Washington, DC – While New York parents shop for gifts this holiday season, only a fraction of the chemicals commonly found in children’s toys are tested by the Environmental Protection Agency (EPA). A new report released today by “Safer Chemicals, Health Families” entitled Poison in Paint, Toxins in Toys reveals that more than 650 household products contain one of two toxic chemicals of high concern, including BPA in 280 plastic toys. U.S. Senator Kirsten Gillibrand announced her plan to overhaul America’s chemical testing standards with legislation to protect children, families and our environment from toxic toys, clothing and bedding.
“I was shocked to learn that there is absolutely no government testing required for the chemicals in the products my kids use every day,” said Senator Gillibrand, a mother of two young boys. “It’s outrageous that everything from toothbrushes to my son’s dishware could be leaching hormone disrupting or cancer causing chemicals. We need to do better. This plan will give the EPA the authority to regulate chemicals in our everyday products and empower consumers to keep our families safe.”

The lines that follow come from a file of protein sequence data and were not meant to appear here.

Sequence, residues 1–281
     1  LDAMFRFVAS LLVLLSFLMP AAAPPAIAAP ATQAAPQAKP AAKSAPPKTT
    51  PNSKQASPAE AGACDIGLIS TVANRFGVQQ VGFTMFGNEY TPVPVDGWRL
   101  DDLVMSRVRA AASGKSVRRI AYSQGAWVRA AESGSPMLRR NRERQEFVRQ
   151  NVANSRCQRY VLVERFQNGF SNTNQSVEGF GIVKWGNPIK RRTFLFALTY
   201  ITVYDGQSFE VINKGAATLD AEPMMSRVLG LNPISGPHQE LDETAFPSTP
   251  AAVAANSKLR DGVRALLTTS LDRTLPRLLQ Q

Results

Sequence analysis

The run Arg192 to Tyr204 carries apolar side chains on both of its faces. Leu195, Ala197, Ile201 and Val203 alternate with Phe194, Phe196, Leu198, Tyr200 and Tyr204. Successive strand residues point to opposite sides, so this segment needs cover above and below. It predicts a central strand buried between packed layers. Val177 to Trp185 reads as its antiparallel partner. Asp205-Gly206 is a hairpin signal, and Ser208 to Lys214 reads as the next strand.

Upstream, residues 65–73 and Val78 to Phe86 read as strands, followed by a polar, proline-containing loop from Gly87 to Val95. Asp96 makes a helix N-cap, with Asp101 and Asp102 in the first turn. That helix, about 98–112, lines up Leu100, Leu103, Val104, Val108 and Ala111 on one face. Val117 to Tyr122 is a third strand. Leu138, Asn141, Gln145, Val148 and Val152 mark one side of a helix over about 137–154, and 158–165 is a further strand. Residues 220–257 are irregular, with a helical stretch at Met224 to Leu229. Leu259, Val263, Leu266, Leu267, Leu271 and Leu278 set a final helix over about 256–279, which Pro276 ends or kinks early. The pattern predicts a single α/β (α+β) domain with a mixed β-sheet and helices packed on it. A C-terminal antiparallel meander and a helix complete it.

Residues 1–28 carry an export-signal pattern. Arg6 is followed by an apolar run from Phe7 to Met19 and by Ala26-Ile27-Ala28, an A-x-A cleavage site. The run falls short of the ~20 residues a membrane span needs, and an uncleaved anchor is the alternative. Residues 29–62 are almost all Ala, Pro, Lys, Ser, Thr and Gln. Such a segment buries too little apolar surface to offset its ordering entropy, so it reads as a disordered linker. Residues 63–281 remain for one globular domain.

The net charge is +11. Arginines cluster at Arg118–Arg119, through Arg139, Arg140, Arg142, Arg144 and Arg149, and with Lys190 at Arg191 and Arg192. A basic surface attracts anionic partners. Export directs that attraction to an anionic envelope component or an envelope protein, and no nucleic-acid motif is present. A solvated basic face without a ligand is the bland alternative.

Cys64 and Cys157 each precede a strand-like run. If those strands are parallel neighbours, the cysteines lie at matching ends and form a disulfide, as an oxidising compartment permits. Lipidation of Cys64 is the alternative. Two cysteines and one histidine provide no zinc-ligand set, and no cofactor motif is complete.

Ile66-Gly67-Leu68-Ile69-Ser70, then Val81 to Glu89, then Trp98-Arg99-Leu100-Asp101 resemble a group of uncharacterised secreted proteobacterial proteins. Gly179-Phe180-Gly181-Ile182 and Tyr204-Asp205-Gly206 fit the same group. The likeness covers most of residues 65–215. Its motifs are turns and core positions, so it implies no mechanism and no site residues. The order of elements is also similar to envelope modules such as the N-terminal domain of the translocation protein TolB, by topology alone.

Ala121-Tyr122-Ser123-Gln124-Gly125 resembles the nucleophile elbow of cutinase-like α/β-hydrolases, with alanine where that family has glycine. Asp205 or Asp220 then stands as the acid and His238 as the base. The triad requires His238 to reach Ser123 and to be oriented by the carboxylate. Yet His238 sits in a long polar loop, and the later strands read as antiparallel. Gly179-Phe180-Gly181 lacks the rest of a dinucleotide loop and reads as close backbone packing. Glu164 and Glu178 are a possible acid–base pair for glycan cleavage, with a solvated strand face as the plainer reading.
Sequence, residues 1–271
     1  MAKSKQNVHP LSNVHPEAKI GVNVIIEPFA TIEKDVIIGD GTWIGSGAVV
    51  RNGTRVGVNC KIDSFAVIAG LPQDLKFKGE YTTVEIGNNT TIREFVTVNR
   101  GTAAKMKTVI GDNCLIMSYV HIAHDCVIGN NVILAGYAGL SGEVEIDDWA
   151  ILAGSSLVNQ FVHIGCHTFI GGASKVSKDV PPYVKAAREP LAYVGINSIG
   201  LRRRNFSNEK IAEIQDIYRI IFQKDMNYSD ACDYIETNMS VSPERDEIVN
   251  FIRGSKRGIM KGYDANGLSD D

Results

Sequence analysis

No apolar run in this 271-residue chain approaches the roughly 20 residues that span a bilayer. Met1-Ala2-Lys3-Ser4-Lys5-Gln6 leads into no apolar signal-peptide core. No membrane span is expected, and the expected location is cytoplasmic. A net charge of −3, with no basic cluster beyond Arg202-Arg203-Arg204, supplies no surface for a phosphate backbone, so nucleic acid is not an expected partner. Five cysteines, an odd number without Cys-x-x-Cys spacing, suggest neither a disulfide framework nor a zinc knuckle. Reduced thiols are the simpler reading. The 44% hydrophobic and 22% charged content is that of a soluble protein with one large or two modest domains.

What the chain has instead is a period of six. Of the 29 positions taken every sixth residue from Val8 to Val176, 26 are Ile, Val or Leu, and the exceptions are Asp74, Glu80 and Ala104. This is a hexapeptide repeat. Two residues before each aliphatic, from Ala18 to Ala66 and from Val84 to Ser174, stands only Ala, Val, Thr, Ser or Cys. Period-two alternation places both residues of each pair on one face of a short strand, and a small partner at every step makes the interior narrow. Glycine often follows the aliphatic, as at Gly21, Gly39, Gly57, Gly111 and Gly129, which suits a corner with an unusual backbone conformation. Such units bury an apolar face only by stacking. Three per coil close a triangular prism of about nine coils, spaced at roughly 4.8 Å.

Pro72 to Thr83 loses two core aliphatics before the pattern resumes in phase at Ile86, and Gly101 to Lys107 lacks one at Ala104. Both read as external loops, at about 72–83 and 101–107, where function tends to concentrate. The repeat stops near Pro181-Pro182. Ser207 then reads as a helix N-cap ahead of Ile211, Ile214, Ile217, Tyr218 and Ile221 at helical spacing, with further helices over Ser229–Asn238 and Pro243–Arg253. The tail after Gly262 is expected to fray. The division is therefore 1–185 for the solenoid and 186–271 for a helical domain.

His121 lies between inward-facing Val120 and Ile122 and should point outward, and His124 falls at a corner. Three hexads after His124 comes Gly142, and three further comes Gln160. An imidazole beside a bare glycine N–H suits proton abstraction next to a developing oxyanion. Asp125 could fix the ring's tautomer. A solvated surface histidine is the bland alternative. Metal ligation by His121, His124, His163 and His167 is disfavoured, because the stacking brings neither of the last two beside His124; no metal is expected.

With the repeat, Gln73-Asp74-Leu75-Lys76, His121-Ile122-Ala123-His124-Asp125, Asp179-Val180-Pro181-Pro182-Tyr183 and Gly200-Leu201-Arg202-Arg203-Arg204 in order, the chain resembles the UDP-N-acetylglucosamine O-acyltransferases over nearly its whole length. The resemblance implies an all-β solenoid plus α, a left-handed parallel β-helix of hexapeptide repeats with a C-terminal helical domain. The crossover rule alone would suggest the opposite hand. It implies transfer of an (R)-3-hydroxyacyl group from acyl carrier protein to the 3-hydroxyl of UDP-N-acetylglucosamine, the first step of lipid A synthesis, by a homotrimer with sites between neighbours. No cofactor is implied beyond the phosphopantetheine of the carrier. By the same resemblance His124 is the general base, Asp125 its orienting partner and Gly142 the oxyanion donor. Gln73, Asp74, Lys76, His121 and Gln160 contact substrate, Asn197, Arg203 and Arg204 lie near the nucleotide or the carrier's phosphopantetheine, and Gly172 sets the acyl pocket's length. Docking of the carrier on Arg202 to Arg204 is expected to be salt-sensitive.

On Long Island, there are 381,928 families with children under 12 and 419,160 children under the age of 12.
# of Families with Children Under the Age of 12
# of Children Under the Age of 12
More than 84,000 chemicals are currently listed on the EPA’s database, many of which are used regularly in consumer products, but there are three classes in particular that have been found to cause hormone disruption and reproductive deformities when children are exposed in-utero and at young ages. The three major classes of chemicals which children are directly exposed are:
- phthalates, found in soft plastic products like teething rings, balls, and plastic dolls;
- BPA, found in hard plastic toys, such as action figures, electronics, and playmobil toysets; and
- flame retardants found in children’s pajamas and bedding.